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“It is far safer to be feared than loved”: Why do some individuals become bullies and others bully-victims?

  • Author / Creator
    Leenaars, Lindsey S
  • Although a wide range of theories have been applied to the study of bullying and victimization, the Theory of Planned Behaviour (TPB; Ajzen, 1993, 2002), has not as of yet been applied to the study of bullying behaviour. The present study employed Structural Equation Modeling (SEM) to assess a model of traditional and cyberbullying and bully-victimization based on TPB. The preliminary objectives of the present study were to evaluate the frequency of traditional and cyberbullying and bully-victimization in the present sample, and to assess whether there were sex differences in the different roles and forms of bullying. It was found that overall, 11.08% of participants were classified as traditional bullies, 10.56% as cyberbullies, 13.21% as traditional bully-victims, and 10.56% as cyberbully-victims. Sex differences were found in traditional bullying and bully-victimization with boys reporting higher levels than girls, but not in cyberbullying or bully-victimization. The main goal of the present study was to evaluate a model of traditional and cyberbullying and bully-victimization based on TPB, which included the following factors: psychological adjustment, self-concept, attitude and beliefs, behavioural control, behavioural intention, and bullying behaviour. It was hypothesized that although the model would be similar for bullies and bully-victims, it would also differ for the two groups. The final models, which were different for the various bullying roles (i.e., bully versus bully-victim) and forms of bullying (traditional versus cyber), fit the data well. However, although the final model accounted for 40% of the variance in traditional bullying and 34% of the variance in traditional bully-victimization, it only accounted for 0.05% of the variance in cyberbullying and 0.06% of the variance in cyberbully-victimization. The results were discussed in relation to TPB and previous findings. Limitations and directions for future research were also addressed.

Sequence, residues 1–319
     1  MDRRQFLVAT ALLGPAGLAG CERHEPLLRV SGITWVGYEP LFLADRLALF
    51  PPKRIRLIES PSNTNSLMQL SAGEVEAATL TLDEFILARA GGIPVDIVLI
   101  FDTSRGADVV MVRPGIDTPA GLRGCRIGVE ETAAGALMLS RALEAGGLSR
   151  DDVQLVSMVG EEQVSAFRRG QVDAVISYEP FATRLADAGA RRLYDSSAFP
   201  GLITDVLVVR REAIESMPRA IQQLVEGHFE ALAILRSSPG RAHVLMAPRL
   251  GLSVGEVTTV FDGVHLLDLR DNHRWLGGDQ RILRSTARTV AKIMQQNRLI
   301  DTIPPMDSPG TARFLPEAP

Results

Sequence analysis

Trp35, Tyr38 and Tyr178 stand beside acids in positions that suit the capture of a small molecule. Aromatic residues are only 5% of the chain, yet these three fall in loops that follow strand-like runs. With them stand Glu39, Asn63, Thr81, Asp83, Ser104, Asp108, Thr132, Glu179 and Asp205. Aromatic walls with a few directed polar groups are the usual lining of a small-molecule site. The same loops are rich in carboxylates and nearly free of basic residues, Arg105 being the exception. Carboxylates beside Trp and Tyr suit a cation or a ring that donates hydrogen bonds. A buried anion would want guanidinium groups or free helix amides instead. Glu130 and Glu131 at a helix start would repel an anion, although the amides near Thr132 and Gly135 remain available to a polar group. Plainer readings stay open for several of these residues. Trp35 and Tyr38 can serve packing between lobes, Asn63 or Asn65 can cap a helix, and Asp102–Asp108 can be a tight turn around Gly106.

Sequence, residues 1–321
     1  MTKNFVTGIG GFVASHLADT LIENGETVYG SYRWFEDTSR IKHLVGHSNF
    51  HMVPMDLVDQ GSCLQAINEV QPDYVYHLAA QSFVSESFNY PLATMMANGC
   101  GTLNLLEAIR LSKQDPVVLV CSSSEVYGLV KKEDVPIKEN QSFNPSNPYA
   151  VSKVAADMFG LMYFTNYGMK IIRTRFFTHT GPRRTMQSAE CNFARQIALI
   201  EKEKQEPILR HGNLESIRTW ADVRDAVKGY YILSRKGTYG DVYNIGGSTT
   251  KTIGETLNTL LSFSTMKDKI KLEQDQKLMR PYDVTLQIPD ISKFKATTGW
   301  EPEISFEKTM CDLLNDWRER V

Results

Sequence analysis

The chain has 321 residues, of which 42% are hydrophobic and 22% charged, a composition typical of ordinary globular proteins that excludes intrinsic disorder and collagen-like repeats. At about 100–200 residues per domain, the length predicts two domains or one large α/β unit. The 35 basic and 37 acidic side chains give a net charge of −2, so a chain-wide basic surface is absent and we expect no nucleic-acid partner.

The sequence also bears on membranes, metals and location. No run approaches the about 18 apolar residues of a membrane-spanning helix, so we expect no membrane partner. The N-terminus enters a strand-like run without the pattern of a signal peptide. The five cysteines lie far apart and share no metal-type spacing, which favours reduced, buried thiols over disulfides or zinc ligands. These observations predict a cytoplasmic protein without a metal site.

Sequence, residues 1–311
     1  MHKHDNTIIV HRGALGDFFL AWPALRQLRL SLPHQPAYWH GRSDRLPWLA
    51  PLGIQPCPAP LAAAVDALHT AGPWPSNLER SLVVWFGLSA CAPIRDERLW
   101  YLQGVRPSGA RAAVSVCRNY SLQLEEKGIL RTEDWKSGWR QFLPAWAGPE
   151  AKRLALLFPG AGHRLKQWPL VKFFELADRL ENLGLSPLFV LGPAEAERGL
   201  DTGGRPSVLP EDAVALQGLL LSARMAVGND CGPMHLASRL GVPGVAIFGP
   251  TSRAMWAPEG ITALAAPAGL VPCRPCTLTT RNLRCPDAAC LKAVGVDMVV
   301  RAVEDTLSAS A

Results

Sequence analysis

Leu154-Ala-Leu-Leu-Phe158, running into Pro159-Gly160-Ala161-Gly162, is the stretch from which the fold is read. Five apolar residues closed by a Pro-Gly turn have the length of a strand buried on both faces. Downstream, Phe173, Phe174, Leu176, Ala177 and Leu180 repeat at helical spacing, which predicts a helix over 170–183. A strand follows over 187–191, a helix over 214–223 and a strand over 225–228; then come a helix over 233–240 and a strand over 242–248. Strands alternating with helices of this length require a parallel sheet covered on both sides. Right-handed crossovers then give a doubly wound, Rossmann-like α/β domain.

• Subjects / Keywords
  • Graduation date
    2012-06
  • Type of Item
    Thesis
  • Degree
    Doctor of Philosophy
  • DOI
    https://doi.org/10.7939/R3TP6G
  • License
    This thesis is made available by the University of Alberta Libraries with permission of the copyright owner solely for non-commercial purposes. This thesis, or any portion thereof, may not otherwise be copied or reproduced without the written consent of the copyright owner, except to the extent permitted by Canadian copyright law.
  • Language
    English
  • Institution
    University of Alberta
  • Degree level
    Doctoral
  • Department
    • Department of Educational Psychology
  • Specialization
    • Psychological Studies in Education
  • Supervisor / co-supervisor and their department(s)
    • Rinaldi, Christina (Educational Psychology)
  • Examining committee members and their departments
    • da Costa, Jose (Educational Policy Studies)
    • Mrazik, Martin (Educational Psychology)
    • Buck, George (Educational Psychology)
    • Bosacki, Sandra (Graduate and Undergraduate Studies in Education)
    • Boechler, Patricia (Educational Psychology)